Staging new material at the Globe can be a tricky business but fortunately Peter Oswald’s new play undercuts all concerns. The Storm is an absolute delight; a delicious blend of the risqu and the absurd. With his somewhat unorthodox adaptation of Plautus’ Roman comedy, Oswald has created a highly effective and surprisingly relevant work full of laugh out loud moments.
One of the many joys of this production is its excellent cast – there is some wonderful acting talent on display. Mark Rylance excels in each of his three roles. His performance reminded me of the equally compelling Marcello Magni in the Globe’s current production of Pericles (the high point of an otherwise disappointing production) and provides yet more proof of his adaptability as an actor.
Rylance’s onstage side-kick is just as amusing. Charmides, the trainee pimp, is excellently played by Edward Hogg. Portraying a cigar-smoking, gun-brandishing, bad-70s-dancing clich of a character, he demonstrates perfect comic timing and an admirable conviction in the role.
James Garnon – a Welshman in an English theatre – plays the sole Greek in a Roman play; a clearly talented young actor with a flair for satire and farce, his performance adds another welcome layer to this production.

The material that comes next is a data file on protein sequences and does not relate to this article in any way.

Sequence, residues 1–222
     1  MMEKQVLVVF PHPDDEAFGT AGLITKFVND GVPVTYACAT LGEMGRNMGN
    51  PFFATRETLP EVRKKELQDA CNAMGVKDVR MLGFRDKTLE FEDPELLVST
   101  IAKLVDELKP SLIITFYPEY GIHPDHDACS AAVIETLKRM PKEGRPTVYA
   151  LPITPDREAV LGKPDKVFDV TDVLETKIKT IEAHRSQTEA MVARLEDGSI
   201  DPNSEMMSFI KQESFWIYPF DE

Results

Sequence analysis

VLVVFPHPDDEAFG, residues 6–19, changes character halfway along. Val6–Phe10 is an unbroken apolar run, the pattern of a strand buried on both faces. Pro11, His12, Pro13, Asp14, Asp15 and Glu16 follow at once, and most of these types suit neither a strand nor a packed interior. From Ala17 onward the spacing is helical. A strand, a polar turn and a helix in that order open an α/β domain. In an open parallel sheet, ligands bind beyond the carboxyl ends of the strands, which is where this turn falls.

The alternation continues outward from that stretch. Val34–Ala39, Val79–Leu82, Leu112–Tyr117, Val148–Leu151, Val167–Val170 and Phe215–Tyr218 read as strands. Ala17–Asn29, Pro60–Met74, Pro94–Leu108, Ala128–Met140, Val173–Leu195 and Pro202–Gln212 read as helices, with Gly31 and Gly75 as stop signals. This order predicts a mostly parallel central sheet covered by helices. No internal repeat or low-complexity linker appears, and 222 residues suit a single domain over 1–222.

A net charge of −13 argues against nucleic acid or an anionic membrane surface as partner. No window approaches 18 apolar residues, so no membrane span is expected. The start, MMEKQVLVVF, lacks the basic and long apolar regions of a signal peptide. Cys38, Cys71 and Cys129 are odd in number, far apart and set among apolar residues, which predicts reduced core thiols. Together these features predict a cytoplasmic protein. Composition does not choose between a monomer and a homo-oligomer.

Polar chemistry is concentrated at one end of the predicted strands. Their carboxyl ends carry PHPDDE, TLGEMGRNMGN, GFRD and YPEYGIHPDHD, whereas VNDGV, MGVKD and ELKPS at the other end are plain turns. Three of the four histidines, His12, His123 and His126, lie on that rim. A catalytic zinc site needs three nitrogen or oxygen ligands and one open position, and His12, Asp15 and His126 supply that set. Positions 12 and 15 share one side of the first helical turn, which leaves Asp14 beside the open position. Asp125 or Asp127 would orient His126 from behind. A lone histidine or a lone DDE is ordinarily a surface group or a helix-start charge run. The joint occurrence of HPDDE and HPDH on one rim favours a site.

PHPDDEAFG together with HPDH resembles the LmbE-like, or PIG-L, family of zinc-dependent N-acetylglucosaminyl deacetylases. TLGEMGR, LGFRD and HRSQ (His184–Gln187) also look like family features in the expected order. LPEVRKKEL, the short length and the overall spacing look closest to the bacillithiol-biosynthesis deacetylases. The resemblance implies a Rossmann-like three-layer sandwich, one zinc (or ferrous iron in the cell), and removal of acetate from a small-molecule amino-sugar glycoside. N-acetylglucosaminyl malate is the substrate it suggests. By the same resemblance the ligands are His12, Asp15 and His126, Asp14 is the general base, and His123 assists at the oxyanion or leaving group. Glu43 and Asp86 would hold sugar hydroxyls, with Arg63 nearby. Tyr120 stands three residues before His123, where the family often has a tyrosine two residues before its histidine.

Playing two young, orphaned prostitutes, Jodie Whittaker and Emma Lowndes temper the tragedy of their roles with plenty of humour. Their characters manage to both charm and disgust the audience whilst remaining consistently amusing throughout.
The actors are complimented on stage by two ballet dancers who, with their bawdy bum-waggling and pelvic-thrusting, wouldn’t look out of place in Adam Cooper’s steamy Les Liaisons Dangereuses.
As capable as actors as they are as dancers, their presence adds another provocative element to the whole theatrical experience. As does an excellent score from Master of Music Claire van Kampen; and sticking the musicians on stage in green togas and frilly bathing caps is an inspired touch adding as it does to the mania and absurdity of the production.
Rylance’s swansong season at the Globe has not been its strongest but this is no bad way to bow out. The Storm is a stunning piece of work, which though it may not appeal to everyone, says some interesting things about the nature of love, family and fidelity. Rylance also has his chance to get in a few in-jokes about funding and talent in the theatre and and a whole lot of audience participation.
Though drawn from an ancient play, this is a bright, free-spirited, forward-thinking show, life embracing and life enhancing, a pleasure to watch. Recommended.